Of course, what’s relevant to one situation won’t be appropriate to another, so seek legal advice if necessary, or else discuss your options with your HR Team or Manager to decide on the best course of action to protect everyone involved.

Keep Everyone Informed

If you are choosing to suspend one or both parties with pay, or else you’re considering one of the other options above that will directly affect the parties involved, then you’ll need to explain, in writing, the steps you are taking so everybody involved in the situation knows what’s happening and why.

It’s unfair to either party to leave them in the dark, so ensure you’re open and honest throughout, without handing over any confidential information to either party. The Public Interest Disclosure Act 1998 may be relevant here if the complaint has come to you via a whistleblower. You might also include advice for seeking legal advice to the employee being accused if the accusations are serious enough that the police might have to be involved.

Collect As Much Evidence As Possible

After responding appropriately in the first place to protect the employees involved, it’s time to collect as much relevant evidence to the allegation as possible.

An investigation and meeting will definitely follow, but you might need this evidence later for a disciplinary meeting or even an employment tribunal later down the line, so collecting as much evidence as possible as quickly as possible is the key here.

Evidence here will usually include:

  • a recorded/written statement from the individual making the accusation
  • a recorded/written statement from the individual being accused
  • witness statements from any other employees who may have seen/heard information relevant to the accusation
  • collecting CCTV footage if appropriate


Remember any evidence you collect must be stored securely to protect the data involved. Relevant witnesses, the accuser, and the accused must all be protected throughout the entire investigation.

Conduct An Investigation

The investigation involves looking at all of the evidence in front of the individual leading the investigation to focus solely on what the evidence suggests.

That means whoever is conducting the investigation must be completely unbiased and have no prior knowledge of the allegations – that way, the evidence can lead them to the truth, rather than any prior conceptions they have about the parties involved or the situation.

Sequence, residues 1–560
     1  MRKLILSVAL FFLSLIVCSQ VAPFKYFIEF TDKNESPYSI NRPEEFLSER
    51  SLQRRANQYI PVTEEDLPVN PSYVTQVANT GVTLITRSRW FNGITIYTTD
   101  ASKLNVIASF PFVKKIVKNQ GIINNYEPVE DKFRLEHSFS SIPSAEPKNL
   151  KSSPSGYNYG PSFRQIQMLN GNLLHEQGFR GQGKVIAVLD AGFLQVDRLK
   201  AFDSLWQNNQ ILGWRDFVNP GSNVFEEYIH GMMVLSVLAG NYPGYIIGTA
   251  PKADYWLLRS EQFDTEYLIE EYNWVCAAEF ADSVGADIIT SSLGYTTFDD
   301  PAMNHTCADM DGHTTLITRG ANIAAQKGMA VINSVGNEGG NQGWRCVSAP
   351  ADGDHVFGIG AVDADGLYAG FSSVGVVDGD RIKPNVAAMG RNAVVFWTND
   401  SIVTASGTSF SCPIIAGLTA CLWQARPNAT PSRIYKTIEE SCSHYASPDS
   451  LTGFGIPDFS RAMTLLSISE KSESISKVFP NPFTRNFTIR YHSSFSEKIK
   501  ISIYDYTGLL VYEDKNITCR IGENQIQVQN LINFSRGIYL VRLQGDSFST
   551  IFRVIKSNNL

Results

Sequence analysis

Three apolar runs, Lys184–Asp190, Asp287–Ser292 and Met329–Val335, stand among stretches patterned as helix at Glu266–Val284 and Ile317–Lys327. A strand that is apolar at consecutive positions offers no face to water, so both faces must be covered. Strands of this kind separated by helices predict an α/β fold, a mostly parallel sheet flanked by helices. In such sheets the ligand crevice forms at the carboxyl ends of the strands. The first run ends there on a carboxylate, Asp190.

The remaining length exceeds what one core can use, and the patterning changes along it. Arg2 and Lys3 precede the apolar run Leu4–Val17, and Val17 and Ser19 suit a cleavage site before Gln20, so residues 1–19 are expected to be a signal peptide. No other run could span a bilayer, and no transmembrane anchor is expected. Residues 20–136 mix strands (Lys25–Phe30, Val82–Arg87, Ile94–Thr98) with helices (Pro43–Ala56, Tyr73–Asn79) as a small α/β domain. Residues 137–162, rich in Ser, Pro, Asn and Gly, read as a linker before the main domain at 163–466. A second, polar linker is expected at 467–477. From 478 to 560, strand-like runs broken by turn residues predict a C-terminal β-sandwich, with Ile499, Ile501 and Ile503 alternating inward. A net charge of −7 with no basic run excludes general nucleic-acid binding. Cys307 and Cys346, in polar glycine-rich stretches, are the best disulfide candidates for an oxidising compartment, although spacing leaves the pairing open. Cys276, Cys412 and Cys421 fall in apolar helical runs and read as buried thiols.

The main focus of the investigation should be around:

  • What evidence is there to support the accusations?
  • What evidence is there to refute the accusations?
  • Are there other witnesses to the event that can support or refute the claims made?
  • Is there a prior history of issues between the parties involved that might affect the accusations being made now?
  • Would mediation be possible between the parties to support both employees without having to take the issue further?
  • What is their employment relationship like?
  • Is it possible that false accusations are being made with malicious intent? If so, why?
  • Are there any mitigating factors?


An independent investigator can be employed via a third party if your business is too small to fairly conduct an investigation of this nature.

Hold An Investigation Meeting

An investigation meeting is very different from a disciplinary hearing, which takes a much more formal approach, however, an investigation meeting is still vital for all business owners who are investigating an allegation made in the workplace.

An official investigation meeting should be held with each individual involved so that you can discuss the evidence so far and have them discuss things in greater depth, from their perspective. It’s always wise to carry out a meeting like this with a HR team member present taking minutes.

This can then be shown to the parties involved in the meeting and they can amend any statements they have made to better reflect their feelings on the matters discussed.

Making sure everybody is happy with their statements is crucial, as mistakes can be made and people can misspeak, but the evidence collected earlier and the investigation meeting minutes will form the basis of any decision made about disciplinary action for the accused (or the accuser if malicious allegations are found to have been made). Ensuring this information is accurate is key to making a decision that’s fair.

false accusation investigation meeting

Make A Decision

There is no reason to delay the decision making process after you’ve gathered all the relevant information from all parties and witnesses. This evidence should be the basis of any decision made and there should be no preconceptions going into the final decision meeting.